Ask The Lawyer

By Debra Roth

Q & A Session – EEO Counselors

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Ask the Lawyer received the following question (paraphrased for easier reading and clarity) from a reader on a legal matter that might be of interest to the entire audience.

Q:

I filed an EEO complaint on my supervisor on the basis of age discrimination and harassment. It has now gone to the formal complaint process – I am currently waiting to be assigned an EEO counselor. 

Last week, I filed an EEO retaliation complaint with my agency but have continued to experience harassment and a hostile work environment. I am being told by the agency EEO counselor that this is not reprisal and that it is continued harassment and should be handled as an amendment to the original EEO complaint. She said that it is quicker to do it this way and saves everyone’s time.

Is the agency EEO counselor giving me the run around to save time and money on behalf of the agency or is this the way I should pursue the case? I feel that their actions were intentional and demeaning.

A:

EEO counselors are not supposed to give substantive advice on the use of the EEO process or the claims made. You should not be dissuaded from pursuing the claims you believe should be made.

 

Bill Bransford is managing partner of Shaw Bransford & Roth PC.

Disclaimer: Ask a Lawyer publishes information on this website for informational purposes only. Information on this website is intended – but not promised, guaranteed, or warranted – to reflect correct, complete and current developments. In addition, the contents of the website do not constitute legal advice and do not necessarily reflect the opinions of the attorney. Information from this website is not intended to be used as a substitute for specific legal advice, nor should you consider it as such. You should not act, or refrain from acting, based on information on this website without seeking specific legal advice about your particular circumstances. No attorney-client relationship between you and Ask a Lawyer’s author is created by the transmission of information to or from this site.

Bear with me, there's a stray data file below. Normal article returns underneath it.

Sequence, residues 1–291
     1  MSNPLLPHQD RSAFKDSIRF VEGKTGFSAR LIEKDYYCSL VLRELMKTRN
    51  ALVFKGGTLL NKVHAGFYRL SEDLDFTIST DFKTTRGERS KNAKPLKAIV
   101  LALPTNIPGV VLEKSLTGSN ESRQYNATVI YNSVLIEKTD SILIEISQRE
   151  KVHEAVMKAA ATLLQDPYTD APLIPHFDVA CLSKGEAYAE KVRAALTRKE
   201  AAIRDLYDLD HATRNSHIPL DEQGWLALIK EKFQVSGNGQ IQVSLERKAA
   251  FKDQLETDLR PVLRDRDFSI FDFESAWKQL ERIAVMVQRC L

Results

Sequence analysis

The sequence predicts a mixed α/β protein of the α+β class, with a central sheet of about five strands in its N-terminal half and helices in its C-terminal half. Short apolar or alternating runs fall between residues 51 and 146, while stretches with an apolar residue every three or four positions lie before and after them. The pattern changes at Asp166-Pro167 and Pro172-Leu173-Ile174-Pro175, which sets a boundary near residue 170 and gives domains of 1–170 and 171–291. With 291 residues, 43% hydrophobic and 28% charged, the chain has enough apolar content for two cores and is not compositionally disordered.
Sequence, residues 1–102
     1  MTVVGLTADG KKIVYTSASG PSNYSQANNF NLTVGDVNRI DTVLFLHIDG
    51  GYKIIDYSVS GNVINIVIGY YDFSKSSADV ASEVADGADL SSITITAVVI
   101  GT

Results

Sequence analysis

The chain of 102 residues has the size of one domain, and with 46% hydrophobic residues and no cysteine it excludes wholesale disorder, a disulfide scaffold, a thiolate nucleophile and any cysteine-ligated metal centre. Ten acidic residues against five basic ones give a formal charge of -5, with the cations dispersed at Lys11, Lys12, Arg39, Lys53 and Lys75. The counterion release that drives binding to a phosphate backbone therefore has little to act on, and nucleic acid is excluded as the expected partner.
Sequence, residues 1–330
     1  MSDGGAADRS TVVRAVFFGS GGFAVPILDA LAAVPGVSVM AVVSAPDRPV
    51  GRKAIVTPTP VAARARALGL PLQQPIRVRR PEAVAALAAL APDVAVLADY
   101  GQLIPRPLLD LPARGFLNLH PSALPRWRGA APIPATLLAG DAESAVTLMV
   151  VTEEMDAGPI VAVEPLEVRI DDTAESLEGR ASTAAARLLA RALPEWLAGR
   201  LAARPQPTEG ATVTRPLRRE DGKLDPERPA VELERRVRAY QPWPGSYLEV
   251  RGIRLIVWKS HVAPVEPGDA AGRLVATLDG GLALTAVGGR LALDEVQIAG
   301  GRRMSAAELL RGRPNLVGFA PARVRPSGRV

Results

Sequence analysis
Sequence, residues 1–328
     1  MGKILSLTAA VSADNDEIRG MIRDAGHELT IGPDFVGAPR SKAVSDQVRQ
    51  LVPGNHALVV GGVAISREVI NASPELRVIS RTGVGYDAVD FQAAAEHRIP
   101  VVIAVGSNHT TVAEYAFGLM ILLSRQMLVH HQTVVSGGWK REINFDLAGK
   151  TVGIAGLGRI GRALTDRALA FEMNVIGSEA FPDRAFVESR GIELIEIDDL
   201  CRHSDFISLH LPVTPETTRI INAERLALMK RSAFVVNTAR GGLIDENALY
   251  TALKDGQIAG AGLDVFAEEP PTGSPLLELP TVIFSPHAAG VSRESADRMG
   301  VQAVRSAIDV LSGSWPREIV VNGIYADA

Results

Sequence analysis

Q & A Session – AWOL for Arriving Late to Work

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Ask the Lawyer received the following question (paraphrased for easier reading and clarity) from a reader on a legal matter that might be of interest to the entire audience.

Q:

I have been employed with the federal government for over 30 years. I was informed upon entry that whenever I intended to either be late for work or not come into work due to illness, I was to notify my supervisor of such as early as possible, but that I would be designated absent without leave if the notification was not within two hours of my established reporting time. Does this direction come from an actual regulation and, if so, where is it located in the CFR? My daughter is also a civilian employee and her agency has charged her AWOL whenever she is late despite the fact that she calls in.

A:

Agencies have broad discretion in setting leave policies. If a union represents employees in a bargaining unit, leave policies are usually subject to collective bargaining. Both examples you use are within an agency’s discretion.

 

Bill Bransford is managing partner of Shaw Bransford & Roth PC.

 

Disclaimer: Ask a Lawyer publishes information on this website for informational purposes only. Information on this website is intended – but not promised, guaranteed, or warranted – to reflect correct, complete and current developments. In addition, the contents of the website do not constitute legal advice and do not necessarily reflect the opinions of the attorney. Information from this website is not intended to be used as a substitute for specific legal advice, nor should you consider it as such. You should not act, or refrain from acting, based on information on this website without seeking specific legal advice about your particular circumstances. No attorney-client relationship between you and Ask a Lawyer’s author is created by the transmission of information to or from this site.